Successful Long-Term Homeownership Begins with Consumer Education

Successful Long-Term Homeownership Begins with Consumer Education

National Council of La Raza to Offer CreditSmart® Homeownership Preservation Materials.

Phoenix, AZ, November 13, 2007 – Homeownership counseling and education are more important now than ever given the recent rise in mortgage delinquencies and foreclosures. Freddie Mac (NYSE: FRE), one of the nation’s largest investors in residential mortgages, and the National Council of La Raza (NCLR), the nation’s largest Hispanic advocacy organization, are continuing their tradition of working together by educating Latinos in the Phoenix area on all aspects of homeownership, from maintenance to financial management and foreclosure prevention.

This year Freddie Mac (NYSE: FRE) enhanced its CreditSmart® multilingual financial literacy curriculum by adding new material on homeownership preservation, including foreclosure prevention, planning for emergencies, property maintenance and avoiding financial traps. NCLR will offer the CreditSmart workshops in English and Spanish, which will give participants a greater understanding of the responsibilities of caring for their homes, the importance of maintaining their credit, and what to do if they ever have difficulty meeting their financial obligations.

“Many people learn how to manage their finances by trial and error. A home is often a family’s largest investment and source of wealth, so it’s important to not risk losing it through a hit or miss approach to finances, ” said Dwight Robinson, senior vice president of Corporate Relation and Housing Outreach for Freddie Mac. “One way to better prepare our nation’s homeowners for the responsibilities of homeownership is through consumer education. CreditSmart is designed to help consumers build and maintain better credit and understand the steps to successful long-term homeownership.”

“Latinos across the country have worked hard to reach the ultimate symbol of the American Dream – homeownership. Unfortunately, predatory practices have led to record-high foreclosure rates that are draining wealth from Latino communities,” said Janet Murguía, president and CEO, National Council of La Raza. “We are delighted to be partnering with Freddie Mac to help foster best practices in the mortgage industry and we are pleased to support them in their efforts to educate and empower Latinos so that they can keep their homes.”

According to the U.S. Census Bureau Hispanic homeownership rates hit a record high this year of 50 percent, though that is still about 20 percent less than the rate for non-Hispanic whites.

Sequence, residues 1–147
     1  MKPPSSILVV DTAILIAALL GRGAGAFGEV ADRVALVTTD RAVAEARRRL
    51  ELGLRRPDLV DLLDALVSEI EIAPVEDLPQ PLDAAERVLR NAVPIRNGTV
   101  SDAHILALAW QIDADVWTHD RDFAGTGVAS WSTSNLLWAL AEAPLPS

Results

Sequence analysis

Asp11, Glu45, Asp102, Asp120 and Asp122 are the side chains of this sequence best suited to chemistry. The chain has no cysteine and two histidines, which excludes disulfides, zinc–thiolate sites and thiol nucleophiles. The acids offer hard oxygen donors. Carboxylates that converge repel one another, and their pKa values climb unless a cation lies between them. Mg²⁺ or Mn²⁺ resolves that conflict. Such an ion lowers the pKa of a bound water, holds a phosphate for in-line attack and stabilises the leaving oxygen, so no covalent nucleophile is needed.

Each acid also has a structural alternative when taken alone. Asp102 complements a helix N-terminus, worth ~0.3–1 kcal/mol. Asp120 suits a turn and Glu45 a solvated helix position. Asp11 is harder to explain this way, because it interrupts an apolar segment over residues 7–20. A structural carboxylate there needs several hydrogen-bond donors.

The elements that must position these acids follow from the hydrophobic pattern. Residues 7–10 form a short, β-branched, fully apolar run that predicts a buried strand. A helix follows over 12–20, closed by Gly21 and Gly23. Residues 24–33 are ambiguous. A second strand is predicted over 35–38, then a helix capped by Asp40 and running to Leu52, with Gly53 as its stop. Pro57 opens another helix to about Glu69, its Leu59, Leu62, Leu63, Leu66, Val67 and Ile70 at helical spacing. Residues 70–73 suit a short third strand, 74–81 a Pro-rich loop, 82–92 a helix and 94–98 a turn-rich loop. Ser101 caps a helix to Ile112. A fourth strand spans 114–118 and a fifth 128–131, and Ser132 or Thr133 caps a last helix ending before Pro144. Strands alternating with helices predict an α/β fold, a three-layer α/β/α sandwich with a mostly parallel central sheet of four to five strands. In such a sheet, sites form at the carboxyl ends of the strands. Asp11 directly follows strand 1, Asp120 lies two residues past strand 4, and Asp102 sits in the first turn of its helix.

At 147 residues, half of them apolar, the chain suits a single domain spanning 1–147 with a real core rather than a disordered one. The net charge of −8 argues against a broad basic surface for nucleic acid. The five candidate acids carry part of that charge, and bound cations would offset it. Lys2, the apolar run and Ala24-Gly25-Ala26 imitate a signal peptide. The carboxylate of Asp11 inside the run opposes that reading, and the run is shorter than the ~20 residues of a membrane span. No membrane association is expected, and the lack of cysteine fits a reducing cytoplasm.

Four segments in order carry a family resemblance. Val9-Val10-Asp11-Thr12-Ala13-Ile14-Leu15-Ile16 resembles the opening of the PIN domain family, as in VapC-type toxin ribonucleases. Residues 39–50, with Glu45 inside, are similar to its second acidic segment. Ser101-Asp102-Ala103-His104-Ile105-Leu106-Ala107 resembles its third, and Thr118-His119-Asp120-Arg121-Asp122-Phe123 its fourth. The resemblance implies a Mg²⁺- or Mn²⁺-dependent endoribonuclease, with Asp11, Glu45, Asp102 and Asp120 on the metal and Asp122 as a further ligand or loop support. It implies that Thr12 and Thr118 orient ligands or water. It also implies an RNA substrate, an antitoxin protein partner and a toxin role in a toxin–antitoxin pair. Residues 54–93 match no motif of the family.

“NCLR is a trusted source of information in the community,” added Robinson. “We are proud to continue our 5-year history of working with NCLR to address the needs of potential and current homeowners.”

For more information about a CreditSmart workshop offered through NCLR, call 202.776.1706.

The following home preservation tips are provided courtesy of Freddie Mac’s CreditSmart curricula.

Costly Business Practices

While check-cashing businesses are legal and found throughout the United States, they are typically used by individuals who don’t have traditional credit, savings or checking accounts. They often charge very high fees for their services. Try these alternatives to check cashing businesses:

  • Cash your check at the bank that issued the check. The bank whose name or logo is on the check. The bank fees may be lower than the check cashers.
  • Try to save up enough money to equal the check cashing fee and use the funds acquired over time to open a checking or savings account where you can deposit or cash your check for little or no fees. Ask local lenders about their special low balance checking and savings programs.

Home Improvement Loan Scam

Home improvement scams come in various forms, including the two most common:

  • The contractor asks for money up front and leaves after completing little or no repair work.
  • The contractor helps you get a loan to refinance repair costs that grow way beyond the original estimate and agreement. The repair costs, plus exorbitant hidden fees and high interest rates become so expensive they’re ultimately unaffordable.

For more consumer tips or information about CreditSmart, visit www.FreddieMac.com/creditsmart.

Recognizing that consumers seek information and assistance from lenders, community-based organizations and other housing professionals, Freddie Mac developed CreditSmart as a tool to support the efforts of organizations that share its goal of creating better-equipped homeowners. CreditSmart, CreditSmart® Español, and CreditSmart® Asian (available in Chinese, Korean, and Vietnamese) were developed with participation from multicultural community-based organizations. Since its inception in 2001, more than a million consumers nationwide have been exposed to the CreditSmart curriculum.

Freddie Mac is a stockholder-owned corporation established by Congress in 1970 to support homeownership and rental housing. Freddie Mac purchases single-family and multifamily residential mortgages and mortgage-related securities, which it finances primarily by issuing mortgage-related securities and debt instruments in the capital markets. Over the years, Freddie Mac has made home possible more than 50 million times, ensuring financing for one in six homebuyers and more than four million renters.

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